Posted on | November 15, 2011 | Comments Off
Back in the 1950s, the Colorado River, at least a bit of it, used to regularly reach the “Southern International Boundary” – the river bed near San Luis where it stops being the US-Mexico border and travels solely in Mexico. Even during the driest bits, when Lake Mead was dropping during the late ’50s, at least a little water slipped by.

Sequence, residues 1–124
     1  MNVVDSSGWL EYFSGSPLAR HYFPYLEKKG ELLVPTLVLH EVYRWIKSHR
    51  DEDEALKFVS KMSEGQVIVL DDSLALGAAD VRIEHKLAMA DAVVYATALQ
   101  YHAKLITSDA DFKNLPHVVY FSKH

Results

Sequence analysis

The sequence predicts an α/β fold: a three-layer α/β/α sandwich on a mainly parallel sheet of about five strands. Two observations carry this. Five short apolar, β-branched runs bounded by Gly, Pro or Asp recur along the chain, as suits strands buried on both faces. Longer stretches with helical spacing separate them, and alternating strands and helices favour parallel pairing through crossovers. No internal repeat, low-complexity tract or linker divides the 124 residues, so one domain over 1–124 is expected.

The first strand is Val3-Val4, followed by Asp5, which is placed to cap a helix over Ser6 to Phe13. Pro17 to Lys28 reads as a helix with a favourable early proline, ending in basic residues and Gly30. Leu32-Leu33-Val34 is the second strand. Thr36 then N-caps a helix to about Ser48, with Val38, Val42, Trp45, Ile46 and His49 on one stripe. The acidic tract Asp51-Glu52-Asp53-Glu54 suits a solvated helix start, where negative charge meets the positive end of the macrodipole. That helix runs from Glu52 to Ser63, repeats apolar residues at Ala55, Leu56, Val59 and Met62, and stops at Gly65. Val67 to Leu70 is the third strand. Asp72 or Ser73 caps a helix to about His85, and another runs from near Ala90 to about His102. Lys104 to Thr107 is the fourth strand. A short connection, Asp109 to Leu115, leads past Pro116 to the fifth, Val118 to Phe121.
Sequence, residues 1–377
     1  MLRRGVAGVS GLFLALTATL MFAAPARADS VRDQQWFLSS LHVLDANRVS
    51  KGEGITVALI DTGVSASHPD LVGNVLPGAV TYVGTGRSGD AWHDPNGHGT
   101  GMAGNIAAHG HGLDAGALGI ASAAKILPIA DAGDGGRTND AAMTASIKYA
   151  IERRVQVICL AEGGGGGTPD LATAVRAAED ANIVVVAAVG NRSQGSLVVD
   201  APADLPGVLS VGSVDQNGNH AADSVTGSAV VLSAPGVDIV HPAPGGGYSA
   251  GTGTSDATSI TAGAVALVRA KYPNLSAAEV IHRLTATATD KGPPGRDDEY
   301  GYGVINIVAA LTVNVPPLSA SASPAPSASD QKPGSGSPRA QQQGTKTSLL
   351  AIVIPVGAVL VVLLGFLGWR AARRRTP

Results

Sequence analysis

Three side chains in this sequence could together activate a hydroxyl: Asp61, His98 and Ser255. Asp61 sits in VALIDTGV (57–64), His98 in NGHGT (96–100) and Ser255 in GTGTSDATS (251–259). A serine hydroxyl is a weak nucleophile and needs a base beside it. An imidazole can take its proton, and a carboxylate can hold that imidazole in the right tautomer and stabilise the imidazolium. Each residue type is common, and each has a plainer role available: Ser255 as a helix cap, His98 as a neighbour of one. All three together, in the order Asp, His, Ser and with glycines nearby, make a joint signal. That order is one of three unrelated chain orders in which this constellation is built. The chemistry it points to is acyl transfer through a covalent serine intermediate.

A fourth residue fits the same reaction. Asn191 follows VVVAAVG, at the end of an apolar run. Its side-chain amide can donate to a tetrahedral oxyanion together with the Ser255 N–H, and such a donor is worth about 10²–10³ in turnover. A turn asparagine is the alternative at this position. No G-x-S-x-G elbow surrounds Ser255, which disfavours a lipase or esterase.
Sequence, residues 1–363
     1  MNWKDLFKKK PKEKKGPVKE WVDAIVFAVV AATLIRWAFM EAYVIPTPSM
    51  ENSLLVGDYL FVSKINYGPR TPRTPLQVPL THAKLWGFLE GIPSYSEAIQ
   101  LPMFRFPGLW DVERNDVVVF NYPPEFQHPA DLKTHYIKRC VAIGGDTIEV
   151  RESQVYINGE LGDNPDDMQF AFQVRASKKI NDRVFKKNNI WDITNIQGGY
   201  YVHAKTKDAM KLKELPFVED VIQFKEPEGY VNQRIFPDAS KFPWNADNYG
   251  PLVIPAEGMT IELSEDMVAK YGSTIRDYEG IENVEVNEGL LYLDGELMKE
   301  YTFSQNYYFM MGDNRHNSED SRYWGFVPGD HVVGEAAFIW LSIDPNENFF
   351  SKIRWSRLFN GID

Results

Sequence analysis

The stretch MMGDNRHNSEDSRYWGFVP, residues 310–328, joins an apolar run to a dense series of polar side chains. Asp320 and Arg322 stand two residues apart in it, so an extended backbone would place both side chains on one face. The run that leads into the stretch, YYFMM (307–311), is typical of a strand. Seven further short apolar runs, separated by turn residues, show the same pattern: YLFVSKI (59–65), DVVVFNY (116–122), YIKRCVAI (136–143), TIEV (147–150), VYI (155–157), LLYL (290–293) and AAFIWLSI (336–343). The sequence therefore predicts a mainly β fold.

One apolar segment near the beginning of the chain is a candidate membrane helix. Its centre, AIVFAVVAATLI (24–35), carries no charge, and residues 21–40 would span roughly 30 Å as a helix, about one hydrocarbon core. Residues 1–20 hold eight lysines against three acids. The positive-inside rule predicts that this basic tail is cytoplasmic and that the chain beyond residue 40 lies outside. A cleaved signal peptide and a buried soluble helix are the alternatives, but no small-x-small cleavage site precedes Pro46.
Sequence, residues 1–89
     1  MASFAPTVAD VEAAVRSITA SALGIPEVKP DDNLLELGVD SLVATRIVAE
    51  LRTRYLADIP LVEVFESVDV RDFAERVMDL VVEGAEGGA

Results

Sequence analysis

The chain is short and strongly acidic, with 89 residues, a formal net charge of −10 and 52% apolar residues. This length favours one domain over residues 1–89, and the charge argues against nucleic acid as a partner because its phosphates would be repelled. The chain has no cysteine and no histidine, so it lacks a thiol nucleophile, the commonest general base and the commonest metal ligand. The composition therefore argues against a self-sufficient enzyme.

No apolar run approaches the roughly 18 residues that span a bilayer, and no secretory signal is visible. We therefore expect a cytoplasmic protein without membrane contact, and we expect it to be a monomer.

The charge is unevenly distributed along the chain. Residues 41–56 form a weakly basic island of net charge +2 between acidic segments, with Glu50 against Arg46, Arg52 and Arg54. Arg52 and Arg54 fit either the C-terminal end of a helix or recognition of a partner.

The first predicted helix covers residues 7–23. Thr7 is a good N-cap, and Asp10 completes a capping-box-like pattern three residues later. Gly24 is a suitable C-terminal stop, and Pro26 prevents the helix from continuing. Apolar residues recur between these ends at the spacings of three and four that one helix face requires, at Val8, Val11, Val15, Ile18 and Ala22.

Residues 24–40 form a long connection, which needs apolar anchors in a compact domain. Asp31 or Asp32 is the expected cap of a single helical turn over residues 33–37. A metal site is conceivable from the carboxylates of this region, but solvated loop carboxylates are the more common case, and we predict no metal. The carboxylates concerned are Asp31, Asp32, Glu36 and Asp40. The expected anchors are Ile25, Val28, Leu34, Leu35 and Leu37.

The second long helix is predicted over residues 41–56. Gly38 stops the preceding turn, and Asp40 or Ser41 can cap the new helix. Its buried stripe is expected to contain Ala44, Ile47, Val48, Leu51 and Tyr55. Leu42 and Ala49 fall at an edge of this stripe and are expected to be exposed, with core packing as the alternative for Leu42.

In the mid-’80s, the great floods that nearly cost us Glen Canyon Dam and filed Mead to the brim meant that “extra” waster slopping in the system cascaded down to the Colorado River Delta. By the mid-1990s, it was less common. Today? Pretty much nada:
From the Yuma Sun:
“The riverbed is completely dry. There’s no flow coming down into Mexico.”
Data courtesy International Boundary and Water Commission